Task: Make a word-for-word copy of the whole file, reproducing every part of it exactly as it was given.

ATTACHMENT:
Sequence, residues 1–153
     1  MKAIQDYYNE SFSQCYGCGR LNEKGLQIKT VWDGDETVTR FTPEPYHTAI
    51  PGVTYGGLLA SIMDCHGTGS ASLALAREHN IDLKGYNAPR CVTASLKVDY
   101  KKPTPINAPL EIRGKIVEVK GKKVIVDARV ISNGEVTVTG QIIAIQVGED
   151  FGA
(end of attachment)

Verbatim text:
Sequence, residues 1–153
     1  MKAIQDYYNE SFSQCYGCGR LNEKGLQIKT VWDGDETVTR FTPEPYHTAI
    51  PGVTYGGLLA SIMDCHGTGS ASLALAREHN IDLKGYNAPR CVTASLKVDY
   101  KKPTPINAPL EIRGKIVEVK GKKVIVDARV ISNGEVTVTG QIIAIQVGED
   151  FGA